Epigenetics and trauma

Epigenetics is the study of structural changes in DNA that don’t alter the DNA sequence but can alter how a DNA sequence is read, e.g., turning gene expression on and off. 

Lots of environmental and behavioral factors can impact epigenetics, including trauma. The epigenetic changes caused as the result of trauma can have a ripple effect on the next generation.2 For example, maternal active and past eating disorders are associated with whole genome epigenetic changes in offspring.5

Adverse childhood experiences (ACEs)—a measure of childhood trauma—can also cause epigenetic modifications. These changes can increase the likelihood of a wide range of health issues, including cardiovascular disease, diabetes, and psychiatric disorders, like eating disorders.2

As a final thought, Dr. Truitt states that although trauma can create a greater vulnerability to eating disorder development, it’s not causational, i.e., trauma does not always result in an eating disorder.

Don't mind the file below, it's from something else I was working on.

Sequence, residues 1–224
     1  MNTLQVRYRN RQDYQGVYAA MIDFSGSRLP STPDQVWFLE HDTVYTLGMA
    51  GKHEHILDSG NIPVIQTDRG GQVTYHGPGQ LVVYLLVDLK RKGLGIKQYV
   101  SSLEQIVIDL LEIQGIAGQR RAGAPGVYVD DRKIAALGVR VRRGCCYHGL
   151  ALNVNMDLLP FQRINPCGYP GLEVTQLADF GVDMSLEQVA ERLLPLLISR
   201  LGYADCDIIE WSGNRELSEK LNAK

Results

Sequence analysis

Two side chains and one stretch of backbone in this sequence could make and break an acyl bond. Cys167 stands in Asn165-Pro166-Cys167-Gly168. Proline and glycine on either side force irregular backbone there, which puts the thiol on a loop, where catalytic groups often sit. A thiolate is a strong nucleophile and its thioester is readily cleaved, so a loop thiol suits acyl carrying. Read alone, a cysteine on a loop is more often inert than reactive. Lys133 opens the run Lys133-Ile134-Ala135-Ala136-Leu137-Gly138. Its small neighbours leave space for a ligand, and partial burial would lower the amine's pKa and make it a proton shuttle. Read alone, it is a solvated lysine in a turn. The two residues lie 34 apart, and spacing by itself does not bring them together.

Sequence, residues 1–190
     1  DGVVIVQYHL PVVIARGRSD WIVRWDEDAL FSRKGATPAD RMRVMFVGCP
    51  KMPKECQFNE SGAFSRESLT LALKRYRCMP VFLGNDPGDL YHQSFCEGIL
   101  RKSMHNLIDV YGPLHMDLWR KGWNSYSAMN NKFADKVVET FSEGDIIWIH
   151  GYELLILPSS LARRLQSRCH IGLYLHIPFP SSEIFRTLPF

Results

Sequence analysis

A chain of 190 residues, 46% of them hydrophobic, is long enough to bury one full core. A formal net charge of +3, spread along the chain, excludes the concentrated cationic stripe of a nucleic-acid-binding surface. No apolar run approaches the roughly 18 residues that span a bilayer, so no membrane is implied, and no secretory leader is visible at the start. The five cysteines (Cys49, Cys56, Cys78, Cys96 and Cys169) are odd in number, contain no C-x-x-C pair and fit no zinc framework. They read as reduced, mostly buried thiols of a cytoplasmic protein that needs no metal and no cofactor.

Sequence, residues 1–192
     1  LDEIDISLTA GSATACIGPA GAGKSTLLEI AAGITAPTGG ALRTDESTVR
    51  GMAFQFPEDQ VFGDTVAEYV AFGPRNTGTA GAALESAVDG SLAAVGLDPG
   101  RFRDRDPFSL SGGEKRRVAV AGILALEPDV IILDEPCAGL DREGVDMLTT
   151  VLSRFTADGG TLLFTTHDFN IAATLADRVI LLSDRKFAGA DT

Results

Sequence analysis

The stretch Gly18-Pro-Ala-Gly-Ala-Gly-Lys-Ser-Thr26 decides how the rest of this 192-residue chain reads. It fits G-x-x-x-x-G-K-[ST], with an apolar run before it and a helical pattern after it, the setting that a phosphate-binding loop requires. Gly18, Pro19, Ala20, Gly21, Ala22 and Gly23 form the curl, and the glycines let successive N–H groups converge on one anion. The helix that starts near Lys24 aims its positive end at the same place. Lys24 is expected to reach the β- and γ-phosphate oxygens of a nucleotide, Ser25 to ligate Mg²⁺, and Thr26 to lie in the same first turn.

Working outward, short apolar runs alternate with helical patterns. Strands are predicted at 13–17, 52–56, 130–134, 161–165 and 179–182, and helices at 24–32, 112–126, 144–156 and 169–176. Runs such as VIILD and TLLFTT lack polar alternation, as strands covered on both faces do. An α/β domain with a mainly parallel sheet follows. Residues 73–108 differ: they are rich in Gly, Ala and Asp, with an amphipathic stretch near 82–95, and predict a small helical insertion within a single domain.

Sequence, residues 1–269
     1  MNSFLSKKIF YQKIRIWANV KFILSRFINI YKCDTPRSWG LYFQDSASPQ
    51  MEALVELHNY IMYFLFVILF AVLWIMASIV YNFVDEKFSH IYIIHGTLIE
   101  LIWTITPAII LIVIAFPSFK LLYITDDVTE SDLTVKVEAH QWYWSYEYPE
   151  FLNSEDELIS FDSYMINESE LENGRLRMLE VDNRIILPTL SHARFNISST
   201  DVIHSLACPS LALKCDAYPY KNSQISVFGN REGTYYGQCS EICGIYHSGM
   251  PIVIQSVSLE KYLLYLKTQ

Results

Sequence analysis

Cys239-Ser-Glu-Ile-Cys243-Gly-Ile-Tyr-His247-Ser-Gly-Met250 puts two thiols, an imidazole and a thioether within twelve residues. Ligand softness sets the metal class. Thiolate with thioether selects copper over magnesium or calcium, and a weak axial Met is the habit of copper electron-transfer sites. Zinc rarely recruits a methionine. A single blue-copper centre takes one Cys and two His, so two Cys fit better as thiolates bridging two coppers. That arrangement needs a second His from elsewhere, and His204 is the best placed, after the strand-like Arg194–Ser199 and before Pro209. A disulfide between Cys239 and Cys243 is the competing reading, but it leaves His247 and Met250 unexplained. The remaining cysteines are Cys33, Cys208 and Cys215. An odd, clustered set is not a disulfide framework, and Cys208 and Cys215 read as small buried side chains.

More on Dr. Truitt

Learn more about Dr. Truitt’s personal and fascinating story through trauma and recovery in her book ‘Keep Breathing: A Psychologist Intimate Journey Through Loss, Trauma, and Rediscovering Life’ which is available for pre-order on Amazon now and is available in all good book stores from the 2nd of April 2024. 

Dr. Truitt also is very active through her social channels, offering a vast amount of free learning resources:


  1. Bremner, J. D. (2006). Traumatic stress: effects on the brain. Dialogues in clinical neuroscience, 8(4), 445–461. 
  2. White, T. (2022, June 16). Understanding the epigenetics of childhood trauma. Psych Central. Accessed November 2023.
  3. Brewerton, T. D. (2007). Eating Disorders, Trauma, and Comorbidity: Focus on PTSD. Eating Disorders, 15(4), 285-304, 
  4. Trottier, K., MacDonald, D. E. (2017). Update on Psychological Trauma, Other Severe Adverse Experiences and Eating Disorders: State of the Research and Future Research Directions. Current Psychiatry Reports, 19, 45. 
  5. Kazmi, N., Gaunt, T. R., Relton, C., et al. (2017). Maternal eating disorders affect offspring cord blood DNA methylation: a prospective study. Clinical Epigenetics, 9, 120.